The Michener Award is open to both print and broadcast media of any size, and it goes to a news organization rather than an individual. Special consideration is given to the resources available to the organization. There were 30 entries from dailies, six from radio, five from television, two from news services, and one from a monthly publication.
The Globe and Mail received a certificate of Honourable Mention, which goes to the runner-up in the Michener Awards, for two entries that disclosed unethical practices in the securities business. One series described how Yorkton Securities Ltd. acted simultaneously as investor, investment adviser and corporate insider for companies it was promoting. It resulted in a change of practices and an Ontario Securities Commission investigation. The second series uncovered evidence of systemic “juicing” or “high closing” of prices on the Toronto Stock Exchange. Canadians investing in mutual and pension funds could be paying too much due to artificially inflated prices as a result of these practices. Senior writer Jacquie McNish accepted the Honourable Mention award on behalf of the Globe.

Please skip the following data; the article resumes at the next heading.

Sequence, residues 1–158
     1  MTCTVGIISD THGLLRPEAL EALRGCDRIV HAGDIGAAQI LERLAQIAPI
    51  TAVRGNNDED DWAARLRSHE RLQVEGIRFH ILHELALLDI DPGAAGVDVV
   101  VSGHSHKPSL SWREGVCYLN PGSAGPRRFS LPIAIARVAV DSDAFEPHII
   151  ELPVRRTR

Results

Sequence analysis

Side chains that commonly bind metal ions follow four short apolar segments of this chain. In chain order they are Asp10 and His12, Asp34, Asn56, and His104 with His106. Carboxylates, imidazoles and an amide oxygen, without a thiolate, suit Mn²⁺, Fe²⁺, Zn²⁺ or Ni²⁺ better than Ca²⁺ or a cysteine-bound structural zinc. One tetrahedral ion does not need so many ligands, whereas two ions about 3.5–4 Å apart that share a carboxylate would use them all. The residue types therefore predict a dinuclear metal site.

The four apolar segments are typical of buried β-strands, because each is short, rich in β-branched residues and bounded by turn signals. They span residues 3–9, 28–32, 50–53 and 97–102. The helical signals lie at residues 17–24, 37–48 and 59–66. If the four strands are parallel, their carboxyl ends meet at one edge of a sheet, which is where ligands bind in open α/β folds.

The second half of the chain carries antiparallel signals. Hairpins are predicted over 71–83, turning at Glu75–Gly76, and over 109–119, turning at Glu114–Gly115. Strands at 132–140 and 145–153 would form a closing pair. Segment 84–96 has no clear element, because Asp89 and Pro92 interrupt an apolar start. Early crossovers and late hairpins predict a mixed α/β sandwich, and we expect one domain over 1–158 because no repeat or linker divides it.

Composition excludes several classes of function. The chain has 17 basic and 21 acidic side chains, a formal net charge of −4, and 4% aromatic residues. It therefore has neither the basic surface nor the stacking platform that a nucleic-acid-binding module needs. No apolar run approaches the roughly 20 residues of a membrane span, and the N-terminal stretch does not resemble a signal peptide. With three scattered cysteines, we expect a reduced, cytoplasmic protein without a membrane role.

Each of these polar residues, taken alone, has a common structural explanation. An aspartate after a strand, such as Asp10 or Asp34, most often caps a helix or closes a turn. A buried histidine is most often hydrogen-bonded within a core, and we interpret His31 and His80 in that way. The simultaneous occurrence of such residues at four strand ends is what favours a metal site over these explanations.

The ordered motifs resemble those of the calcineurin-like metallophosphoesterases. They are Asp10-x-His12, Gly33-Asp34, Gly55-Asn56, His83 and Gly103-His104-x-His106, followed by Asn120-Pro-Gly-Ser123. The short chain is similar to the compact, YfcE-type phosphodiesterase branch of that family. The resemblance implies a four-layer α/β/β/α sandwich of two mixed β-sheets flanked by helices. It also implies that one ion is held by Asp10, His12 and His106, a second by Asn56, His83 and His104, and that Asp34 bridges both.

Citations of Merit went to:
Winnipeg Free Press for Innocents-On-Line, a series that led to a commitment by the federal government to amend the Criminal Code to try to prevent pedophiles from stalking children on the internet.
Starting with a tip from a reader, the series documented cases of stalking but no police action was possible because no law had been broken. The Manitoba Justice Minister began a campaign for an amendment to the Criminal Code which spread across the country. Lindor Reynolds accepted the Citation of Merit on behalf of the Free Press.